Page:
Conceptualising any story from the brilliant mind of the late Roald Dahl as a stage adaptation would be tricky enough, but one as wacky and imaginative as James and The Giant Peach has got to be near the top of the difficult list.
Levin Little Theatre and Horowhenua Young Persons Entertainment Theatre (HYPE) however, did a fine job of delivering the story in a version that packed in enthusiasm and community involvement.
A large troupe of actors brought the story to life in a way that required the audience to use a fair bit of imagination, which I think is a good thing.
There were many children involved in the production, a sign of a vibrant local theatre company, and they brought smiles to the faces in the audience at the tiny theatre.
Dahl's tale is of an orphaned boy who escapes misery and domestic drudgery at the hands of his terrible aunts through an encounter with a mysterious magic tramp who sets into motion a chain of events resulting in an enormous peach inhabited (inside the hollowed-out stone) by a motley crew of overgrown insect characters. James joins the peach-dwellers, who become his friends, and when the fruit is released from its tree, it rolls away and ends up bobbing in the Atlantic.
Some hungry sharks get a bit curious, which results in a plan to tether the peach to hundreds of seagulls, which lift it up, carry it the rest of the way across the ocean, via a trippy encounter with some cloud creatures, and it ends up impaled on the spire of New York's Empire State Building before becoming a major tourist attraction.
Even writing that makes it seem utterly ridiculous, but that is the charm of Dahl's storytelling. The impossible is possible, the unsaid is said and the furthest reaches of the imagination are suddenly centre stage.
Which brings me back to tackling the story as an actor, a job well done by this cast, especially with the number of young people involved.
Vincent Bennik put his heart and soul into his role as James, holding his own with older cast members. At the age of just 11, Vincent's confidence and ability to be the thread between all the different scenes was well beyond his years. He seemed at home on the stage, and used the space really well.
The anchoring presence of Declan Leahy as the violin-playing Grasshopper also helped lift the production, while a bit of continental glamour was injected by Amber Rollinson and Devany Prosser-Hill as Ladybird and Miss Spider. Devany in particular brought a languid manner to her acting that contrasted well with the slightly hyped and deliberately egocentric character of the Centipede, played by Noah Watters.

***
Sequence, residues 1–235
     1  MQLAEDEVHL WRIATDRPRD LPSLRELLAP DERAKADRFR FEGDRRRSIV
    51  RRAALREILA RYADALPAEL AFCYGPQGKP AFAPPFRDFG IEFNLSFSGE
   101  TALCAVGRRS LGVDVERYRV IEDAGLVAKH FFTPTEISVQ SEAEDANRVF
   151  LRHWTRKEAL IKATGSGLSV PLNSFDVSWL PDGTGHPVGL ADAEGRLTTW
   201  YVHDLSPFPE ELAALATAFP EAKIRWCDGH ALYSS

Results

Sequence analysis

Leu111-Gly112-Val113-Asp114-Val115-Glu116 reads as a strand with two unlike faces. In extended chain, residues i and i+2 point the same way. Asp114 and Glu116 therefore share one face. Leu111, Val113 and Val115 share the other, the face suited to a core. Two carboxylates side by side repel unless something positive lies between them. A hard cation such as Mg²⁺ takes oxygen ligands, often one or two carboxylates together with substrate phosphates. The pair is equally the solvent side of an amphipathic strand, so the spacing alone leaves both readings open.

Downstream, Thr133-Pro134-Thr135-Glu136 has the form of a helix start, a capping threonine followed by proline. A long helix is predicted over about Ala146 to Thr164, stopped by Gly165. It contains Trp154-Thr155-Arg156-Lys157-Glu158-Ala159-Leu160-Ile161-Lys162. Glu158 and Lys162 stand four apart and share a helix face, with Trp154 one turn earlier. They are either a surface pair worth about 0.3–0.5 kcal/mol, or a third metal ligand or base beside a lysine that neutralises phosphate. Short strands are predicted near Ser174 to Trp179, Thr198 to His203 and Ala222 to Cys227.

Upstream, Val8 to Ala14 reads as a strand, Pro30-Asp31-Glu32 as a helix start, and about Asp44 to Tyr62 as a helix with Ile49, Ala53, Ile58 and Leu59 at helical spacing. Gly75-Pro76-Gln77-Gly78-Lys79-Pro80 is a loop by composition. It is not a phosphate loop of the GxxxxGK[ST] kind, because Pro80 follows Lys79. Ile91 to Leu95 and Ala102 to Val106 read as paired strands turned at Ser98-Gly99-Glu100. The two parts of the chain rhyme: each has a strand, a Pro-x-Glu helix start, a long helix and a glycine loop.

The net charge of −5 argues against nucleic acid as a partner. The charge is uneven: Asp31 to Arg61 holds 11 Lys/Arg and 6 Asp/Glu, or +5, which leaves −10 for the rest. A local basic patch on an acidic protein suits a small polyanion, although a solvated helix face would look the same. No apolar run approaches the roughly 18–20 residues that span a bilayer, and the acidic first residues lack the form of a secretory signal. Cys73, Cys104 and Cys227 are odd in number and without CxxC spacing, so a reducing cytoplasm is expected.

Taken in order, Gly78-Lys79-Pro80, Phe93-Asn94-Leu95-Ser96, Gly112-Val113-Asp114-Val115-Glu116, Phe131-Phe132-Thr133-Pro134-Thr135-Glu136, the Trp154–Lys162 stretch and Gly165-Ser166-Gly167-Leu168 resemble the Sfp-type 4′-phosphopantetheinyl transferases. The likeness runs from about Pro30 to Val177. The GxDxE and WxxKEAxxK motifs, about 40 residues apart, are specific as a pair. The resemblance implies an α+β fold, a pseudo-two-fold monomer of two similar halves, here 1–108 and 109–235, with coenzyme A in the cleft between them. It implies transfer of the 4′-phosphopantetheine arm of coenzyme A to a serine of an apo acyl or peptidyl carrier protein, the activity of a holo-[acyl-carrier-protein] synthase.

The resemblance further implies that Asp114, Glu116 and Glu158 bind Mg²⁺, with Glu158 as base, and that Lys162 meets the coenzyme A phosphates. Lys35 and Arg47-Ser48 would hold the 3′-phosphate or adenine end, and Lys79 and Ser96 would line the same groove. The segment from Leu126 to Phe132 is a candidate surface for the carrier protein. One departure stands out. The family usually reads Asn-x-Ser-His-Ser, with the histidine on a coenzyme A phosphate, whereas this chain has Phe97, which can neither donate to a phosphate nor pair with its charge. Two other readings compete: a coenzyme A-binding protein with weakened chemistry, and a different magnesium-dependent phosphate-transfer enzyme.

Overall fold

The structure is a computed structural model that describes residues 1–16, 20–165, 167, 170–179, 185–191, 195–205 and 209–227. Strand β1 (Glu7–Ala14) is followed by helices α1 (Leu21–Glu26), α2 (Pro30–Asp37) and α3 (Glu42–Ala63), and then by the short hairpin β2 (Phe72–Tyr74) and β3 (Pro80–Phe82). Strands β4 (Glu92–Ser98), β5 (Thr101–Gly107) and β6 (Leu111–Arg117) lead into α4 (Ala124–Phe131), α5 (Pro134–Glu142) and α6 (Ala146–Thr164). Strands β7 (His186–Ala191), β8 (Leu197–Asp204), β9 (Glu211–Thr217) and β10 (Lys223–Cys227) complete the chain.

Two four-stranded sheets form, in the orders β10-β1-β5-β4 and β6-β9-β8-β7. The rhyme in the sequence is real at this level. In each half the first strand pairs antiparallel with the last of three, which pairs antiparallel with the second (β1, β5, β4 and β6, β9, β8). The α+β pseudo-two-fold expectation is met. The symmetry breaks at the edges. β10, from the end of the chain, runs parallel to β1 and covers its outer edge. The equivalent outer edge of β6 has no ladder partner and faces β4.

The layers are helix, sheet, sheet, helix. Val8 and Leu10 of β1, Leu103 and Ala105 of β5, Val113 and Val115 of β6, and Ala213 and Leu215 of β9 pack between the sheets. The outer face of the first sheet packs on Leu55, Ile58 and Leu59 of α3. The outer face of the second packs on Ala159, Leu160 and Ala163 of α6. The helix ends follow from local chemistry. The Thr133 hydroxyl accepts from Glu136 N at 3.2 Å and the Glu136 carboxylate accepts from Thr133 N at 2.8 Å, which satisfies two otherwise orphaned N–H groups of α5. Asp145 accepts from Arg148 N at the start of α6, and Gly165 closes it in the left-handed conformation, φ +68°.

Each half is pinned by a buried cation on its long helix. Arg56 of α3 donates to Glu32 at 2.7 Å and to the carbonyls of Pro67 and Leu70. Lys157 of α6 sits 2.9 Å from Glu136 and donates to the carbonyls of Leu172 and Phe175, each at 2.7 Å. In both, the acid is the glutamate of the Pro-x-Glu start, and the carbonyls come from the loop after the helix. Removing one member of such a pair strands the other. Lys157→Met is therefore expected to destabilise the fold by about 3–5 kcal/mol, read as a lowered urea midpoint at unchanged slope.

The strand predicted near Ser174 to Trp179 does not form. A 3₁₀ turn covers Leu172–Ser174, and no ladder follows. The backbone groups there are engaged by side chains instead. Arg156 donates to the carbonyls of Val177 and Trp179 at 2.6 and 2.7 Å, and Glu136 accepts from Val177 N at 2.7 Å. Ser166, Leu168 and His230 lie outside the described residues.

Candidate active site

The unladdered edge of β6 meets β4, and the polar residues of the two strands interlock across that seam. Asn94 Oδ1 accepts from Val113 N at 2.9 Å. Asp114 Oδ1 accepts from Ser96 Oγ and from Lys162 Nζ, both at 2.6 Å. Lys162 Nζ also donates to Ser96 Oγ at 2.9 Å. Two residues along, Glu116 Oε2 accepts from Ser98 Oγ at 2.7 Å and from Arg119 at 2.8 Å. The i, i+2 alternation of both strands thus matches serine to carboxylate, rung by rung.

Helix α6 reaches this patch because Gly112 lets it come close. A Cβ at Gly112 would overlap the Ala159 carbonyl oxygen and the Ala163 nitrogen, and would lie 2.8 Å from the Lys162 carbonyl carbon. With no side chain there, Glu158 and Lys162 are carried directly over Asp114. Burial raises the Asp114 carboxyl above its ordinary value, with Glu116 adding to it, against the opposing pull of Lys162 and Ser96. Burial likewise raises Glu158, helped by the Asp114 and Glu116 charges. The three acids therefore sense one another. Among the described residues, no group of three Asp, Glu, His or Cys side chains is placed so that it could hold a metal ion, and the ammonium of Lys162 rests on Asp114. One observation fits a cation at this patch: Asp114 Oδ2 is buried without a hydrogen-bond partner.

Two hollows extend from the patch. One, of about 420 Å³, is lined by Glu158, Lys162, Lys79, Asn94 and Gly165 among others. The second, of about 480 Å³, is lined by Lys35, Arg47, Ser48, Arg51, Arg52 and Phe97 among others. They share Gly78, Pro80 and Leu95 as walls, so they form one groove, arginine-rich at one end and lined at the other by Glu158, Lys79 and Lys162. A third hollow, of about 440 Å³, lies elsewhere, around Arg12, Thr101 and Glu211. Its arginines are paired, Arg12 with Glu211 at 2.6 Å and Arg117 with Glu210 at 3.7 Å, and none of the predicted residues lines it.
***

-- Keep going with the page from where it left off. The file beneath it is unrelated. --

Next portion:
Some great comic timing and the ability to make himself the butt of the joke meant Navah Chapman's Earthworm, resplendent in pink puffer jacket and beanie, was a favourite with the audience, next to the lead role of James. The two also worked well together, and a scene where the Earthworm acts as bait to lure seagulls which James tethers to the peach showed a great collaboration between the pair.
Outside of the peach crew, there were also some enthusiastic efforts by Jacob Reeves and Caitlyn O'Neil as Aunts Sponge and Spiker. Sponge was the classic, over-the-top pantomime character which Jacob Reeves threw himself into with aplomb.
A supporting cast of many other characters and a large chorus helped to set scenes and add an extra dimension to a production that looked to be inclusive and fun to be part of, which is surely a nod to the skills of director Linda Buckley.
I would say though, that it could be a little tricky to understand exactly what is going on with the storyline if you hadn't read the book. The adaptation is good, but as mentioned, tackling Dahl's imagination is no easy feat. While the play, with its visual approach and accessible style, will appeal to most, it will be those who know and love Dahl's classic tale
who will get the most out of it.
James and the Giant Peach: Friday 27th July, 7pm, Saturday 28th July, 2pm, Sunday 29th July, 2pm and Friday 3rd August, 7pm, Saturday 4th August, 2pm, Sunday 5th August, 2pm.
Levin Little Theatre, Weraroa Rd, Levin. Tickets ($10 adults, $6 12 years and under) at The Beacon Gift and Bookshop, Oxford St, Levin or phone 06 368 2123. www.facebook.comlevinlittletheatre